Arlington's Bravest: The Arlington County Fire Department

It's a foreign concept now but for many years, Arlington County did not have its own fire department. Instead, the county was served by a number of independent volunteer fire departments. These were organized locally, typically within neighborhoods where citizen leaders saw the need for some level of fire protection and established a resource right in their own neighborhood. (The first such VFD was established in Cherrydale in 1898.) When a fire broke out, the volunteers would leave their homes or businesses and go fight the flames.

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Arlington firefighters battle a blaze on Lee Highway in the 1950s. (Photo source: Chuck Kramaric)Arlington firefighters battle a blaze on Lee Highway in the 1950s. (Photo source: Chuck Kramaric)
With the growth of the county, Arlington established a career fire service in July of 1940 and hired its first class of full time fire fighters but this career ladder was only open to whites initially. Black neighborhoods continued to rely on their own volunteer units. (As we know, this is not the only example of the black community rallying together to provide services for itself during the Jim Crow era.) The county eventually began to hire some African Americans but, for many years, blacks were only assigned to Fire Station 8, which became Arlington's de facto "black firehouse."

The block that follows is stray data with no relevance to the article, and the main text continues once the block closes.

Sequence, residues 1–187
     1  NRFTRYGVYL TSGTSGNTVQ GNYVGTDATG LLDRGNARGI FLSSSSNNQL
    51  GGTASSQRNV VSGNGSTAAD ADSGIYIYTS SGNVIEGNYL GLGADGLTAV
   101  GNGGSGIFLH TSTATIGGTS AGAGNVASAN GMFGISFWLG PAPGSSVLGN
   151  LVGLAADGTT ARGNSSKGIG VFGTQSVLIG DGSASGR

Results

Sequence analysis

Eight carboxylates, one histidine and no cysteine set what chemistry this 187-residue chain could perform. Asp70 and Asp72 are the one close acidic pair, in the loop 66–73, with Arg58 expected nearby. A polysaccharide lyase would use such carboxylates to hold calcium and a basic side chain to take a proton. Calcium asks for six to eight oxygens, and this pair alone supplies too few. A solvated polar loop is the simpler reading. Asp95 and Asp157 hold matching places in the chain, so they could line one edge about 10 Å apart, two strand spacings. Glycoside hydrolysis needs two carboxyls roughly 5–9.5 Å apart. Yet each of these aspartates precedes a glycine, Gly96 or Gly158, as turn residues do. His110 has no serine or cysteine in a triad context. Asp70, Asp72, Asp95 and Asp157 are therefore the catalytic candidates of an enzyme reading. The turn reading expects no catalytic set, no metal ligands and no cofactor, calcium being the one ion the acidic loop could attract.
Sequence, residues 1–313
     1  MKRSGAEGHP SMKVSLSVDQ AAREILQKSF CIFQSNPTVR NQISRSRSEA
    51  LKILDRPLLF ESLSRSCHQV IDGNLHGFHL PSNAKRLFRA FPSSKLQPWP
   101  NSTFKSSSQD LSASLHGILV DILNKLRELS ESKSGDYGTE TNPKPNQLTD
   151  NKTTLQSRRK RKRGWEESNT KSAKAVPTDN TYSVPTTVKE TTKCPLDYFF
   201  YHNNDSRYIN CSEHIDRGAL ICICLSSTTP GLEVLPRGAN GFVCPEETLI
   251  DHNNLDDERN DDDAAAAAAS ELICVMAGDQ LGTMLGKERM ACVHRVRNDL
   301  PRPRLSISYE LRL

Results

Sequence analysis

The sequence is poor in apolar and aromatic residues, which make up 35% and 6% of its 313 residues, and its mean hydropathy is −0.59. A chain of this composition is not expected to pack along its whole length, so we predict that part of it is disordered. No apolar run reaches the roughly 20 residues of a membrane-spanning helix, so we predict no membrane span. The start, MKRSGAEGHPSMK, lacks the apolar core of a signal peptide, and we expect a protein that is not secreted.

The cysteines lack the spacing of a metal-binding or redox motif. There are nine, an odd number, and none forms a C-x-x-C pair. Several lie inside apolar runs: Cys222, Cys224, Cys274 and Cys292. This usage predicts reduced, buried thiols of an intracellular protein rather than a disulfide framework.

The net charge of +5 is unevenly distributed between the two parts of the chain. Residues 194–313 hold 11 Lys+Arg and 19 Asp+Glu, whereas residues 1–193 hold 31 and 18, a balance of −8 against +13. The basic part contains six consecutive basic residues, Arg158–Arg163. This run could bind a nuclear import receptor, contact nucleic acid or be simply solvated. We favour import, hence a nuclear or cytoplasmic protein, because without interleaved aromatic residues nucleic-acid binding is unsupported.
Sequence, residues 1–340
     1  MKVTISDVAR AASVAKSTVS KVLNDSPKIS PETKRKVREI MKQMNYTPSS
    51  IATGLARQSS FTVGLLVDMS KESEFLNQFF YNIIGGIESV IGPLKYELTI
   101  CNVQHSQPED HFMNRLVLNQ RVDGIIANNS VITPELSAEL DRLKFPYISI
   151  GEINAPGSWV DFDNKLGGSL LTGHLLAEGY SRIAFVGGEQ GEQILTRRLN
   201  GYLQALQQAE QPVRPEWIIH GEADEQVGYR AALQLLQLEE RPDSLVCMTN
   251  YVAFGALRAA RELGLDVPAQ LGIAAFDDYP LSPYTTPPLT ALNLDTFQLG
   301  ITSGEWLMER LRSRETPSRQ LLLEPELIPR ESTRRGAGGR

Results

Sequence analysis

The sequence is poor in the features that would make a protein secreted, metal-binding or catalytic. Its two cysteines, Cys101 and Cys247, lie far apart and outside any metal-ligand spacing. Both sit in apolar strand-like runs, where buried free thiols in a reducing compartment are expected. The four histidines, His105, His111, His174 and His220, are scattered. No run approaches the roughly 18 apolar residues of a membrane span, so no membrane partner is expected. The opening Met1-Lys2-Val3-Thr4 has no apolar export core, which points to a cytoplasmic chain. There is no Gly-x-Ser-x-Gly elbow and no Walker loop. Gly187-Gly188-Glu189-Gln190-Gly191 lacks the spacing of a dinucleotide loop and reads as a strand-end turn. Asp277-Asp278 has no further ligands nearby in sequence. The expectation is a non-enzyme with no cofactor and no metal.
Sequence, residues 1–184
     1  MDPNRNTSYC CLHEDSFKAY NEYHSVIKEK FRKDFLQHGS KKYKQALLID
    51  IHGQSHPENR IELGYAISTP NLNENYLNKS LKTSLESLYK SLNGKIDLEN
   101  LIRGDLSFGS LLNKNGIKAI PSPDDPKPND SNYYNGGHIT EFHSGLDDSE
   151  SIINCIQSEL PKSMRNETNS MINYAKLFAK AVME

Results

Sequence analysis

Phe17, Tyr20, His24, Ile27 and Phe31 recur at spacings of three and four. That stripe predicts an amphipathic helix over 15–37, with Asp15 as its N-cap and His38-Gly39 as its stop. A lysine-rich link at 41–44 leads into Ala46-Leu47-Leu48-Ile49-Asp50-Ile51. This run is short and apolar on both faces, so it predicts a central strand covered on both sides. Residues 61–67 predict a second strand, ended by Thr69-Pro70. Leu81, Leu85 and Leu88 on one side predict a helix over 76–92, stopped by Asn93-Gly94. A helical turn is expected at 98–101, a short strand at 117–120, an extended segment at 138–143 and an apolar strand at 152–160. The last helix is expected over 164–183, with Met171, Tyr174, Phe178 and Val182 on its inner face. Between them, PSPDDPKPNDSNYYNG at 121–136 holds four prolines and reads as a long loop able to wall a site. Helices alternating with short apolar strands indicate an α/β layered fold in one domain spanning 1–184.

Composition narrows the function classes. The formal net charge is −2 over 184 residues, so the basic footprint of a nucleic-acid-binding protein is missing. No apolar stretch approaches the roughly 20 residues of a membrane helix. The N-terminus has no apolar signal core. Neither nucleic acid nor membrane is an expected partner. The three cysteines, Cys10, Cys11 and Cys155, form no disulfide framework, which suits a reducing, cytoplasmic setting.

While slow in integrating, the ACFD was ahead of the curve when it came to breaking the gender barrier. In 1974, Arlington hired the nation's first career female fire fighter, Judy Livers. Livers -- later Judy Brewer -- served in the department for over 25 years and was a pathfinder for other women fire fighters across the country. Apparently those early days weren't so easy for Judy or her male colleagues.

The department has changed along with the changing times. According to Chief Schwartz, "Our focus on terrorism actually predates the 9/11 attacks. The Arlington County Fire Department was the leader in championing preparedness efforts – the development of capabilities to respond to weapons of mass destruction. And that came from a lessons learned from the sarin attack in the Tokyo subway in 1995, where Arlington County rallied the region to develop what resulted in the nation's first non-military terrorism response team, something back then called the Metropolitan Medical Strike Team, a specialized team of fire, EMS and law enforcement assets, doctors and nurses that were capable of responding to the types of incidents that nobody else in the area could respond to, that was leveraged by the federal government for almost 15 years as a prepositioned asset for special events like Presidential inaugurations and joint sessions of Congress."

This post was orginally published in advance of the Arlington Historical Society's public program in September 2014, which featured a talk by Arlington County Fire Chief Jim Schwartz. Big thanks to Chief Schwartz, Captain Gregg Karl, Captain Chuck Kramaric and Tonia Heggs of the Arlington County Fire Department for their help with this video and post!